WESTERN Australian producers are the target of State and Federal government initiatives aimed at encouraging exports to the evolving consumer markets in Asia and the Middle East.
New levels of affluence and emerging middle classes in Asia and the Middle East are providing niche opportunities for high-quality, low-volume exporters willing to cash in on Western Australia’s reputation as a clean, green, premium food producer.
In particular, niche opportunities exist in the supply of gourmet or specialty produce to the hotel industry, elite business or sporting clubs, or the airline industry for first-class or business-class customers.
The value of processed food exports from WA has risen dramatically in the past 10 years, from $542 million a decade ago to $1.103 billion last financial year.
However, this figure represents only a small proportion of WA’s total exports, which exceed $30 billion.
While the State’s largest single food export is seafood, in particular rock lobster, Austrade Western Australian State manager Jenny Mathews said there were many niche opportunities for WA gourmet producers wanting to export.
Ms Mathews said a recent example was the Malaga-based Lebanese Patisserie, which had signed a deal with Emirates Airlines for flights between Perth and the Middle East. The deal to supply Lebanese pastries could be worth up to $A80,000 a year.
The Lebanese Patisserie was the first client of the TradeStart New Exporter Development Program – a joint initiative by the Federal and State governments.
“With our new exporter program, of the 400 or so companies that we are working with, the largest sector is food and wine,” Ms Mathews said.
“Close to 30 per cent are food and wine [producers].”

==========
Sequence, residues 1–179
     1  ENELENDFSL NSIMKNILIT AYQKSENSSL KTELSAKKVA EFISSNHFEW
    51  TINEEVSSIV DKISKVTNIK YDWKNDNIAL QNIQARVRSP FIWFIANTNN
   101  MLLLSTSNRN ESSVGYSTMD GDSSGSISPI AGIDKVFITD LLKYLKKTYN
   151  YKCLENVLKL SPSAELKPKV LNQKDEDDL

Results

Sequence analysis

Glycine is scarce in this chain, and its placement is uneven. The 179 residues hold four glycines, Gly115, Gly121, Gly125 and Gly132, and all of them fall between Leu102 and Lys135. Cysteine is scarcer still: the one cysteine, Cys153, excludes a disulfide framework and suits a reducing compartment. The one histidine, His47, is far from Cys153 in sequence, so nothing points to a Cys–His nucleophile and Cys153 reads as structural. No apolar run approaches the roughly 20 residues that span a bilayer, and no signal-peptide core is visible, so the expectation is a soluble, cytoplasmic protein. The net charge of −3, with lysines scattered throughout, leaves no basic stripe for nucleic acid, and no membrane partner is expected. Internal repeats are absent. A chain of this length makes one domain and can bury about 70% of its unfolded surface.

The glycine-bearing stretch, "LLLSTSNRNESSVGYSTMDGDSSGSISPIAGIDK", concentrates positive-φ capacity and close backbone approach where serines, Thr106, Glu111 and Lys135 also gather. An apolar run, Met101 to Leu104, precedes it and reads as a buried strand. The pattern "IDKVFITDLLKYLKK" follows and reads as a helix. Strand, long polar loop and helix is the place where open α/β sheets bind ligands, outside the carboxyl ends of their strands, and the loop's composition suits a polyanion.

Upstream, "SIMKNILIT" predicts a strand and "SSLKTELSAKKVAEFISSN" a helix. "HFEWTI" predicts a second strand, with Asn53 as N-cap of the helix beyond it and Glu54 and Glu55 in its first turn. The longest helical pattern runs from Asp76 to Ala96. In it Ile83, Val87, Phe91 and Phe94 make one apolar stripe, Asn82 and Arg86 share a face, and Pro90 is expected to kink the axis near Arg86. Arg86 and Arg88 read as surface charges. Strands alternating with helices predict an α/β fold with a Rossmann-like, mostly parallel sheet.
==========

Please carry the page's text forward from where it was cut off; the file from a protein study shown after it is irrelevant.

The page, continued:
While the new exporter program was a general program, the fact that products went directly to market was an added benefit for food and wine exporters, she said.
“Food and wine products do not have a long lead time,” Ms Mathews told WA Business News.
Austrade export adviser Mike Carter said there has been a growing trend in the past 10 years for increased demand for “Western-style” goods in Asia and the Middle East.
“The emergence of large US and European supermarket chains into those markets reflects a change in consumer behaviour,” he said.
“It’s aspirational to be seen shopping in, for example, Tescos and also to be seen sipping coffee in a Dome or Starbucks.
“On the back of these trends we are seeing a growing opportunity for ‘Western-style’ products into South-East Asian markets.
“Several years ago who would have thought about trying to push, for example, gourmet cheeses in South-East Asia?”
Department of Industry and Resources (DoIR) export development manager Michael Dickson said the State Government had employed a “stepped” approach to encourage small and medium potential exporters to target eastern States opportunities before tackling overseas markets.
Mr Dickson said DoIR was working with individual producers, the Australian Quarantine Inspection Service and Austrade to assist new producers enter competitive, and often protected, export markets.
DoIR would lead delegations of Australian companies to various events throughout 2004, he said.
A major promotional event for food and wine is the participation every two years in a range of food-focused trade fairs in Singapore, billed this year as Food and Hotel Asia (FHA) 2004.
Also, in early May, the First International Wine Tourism Conference will be held in Margaret River and will bring together international experts to discuss issues affecting the industry.
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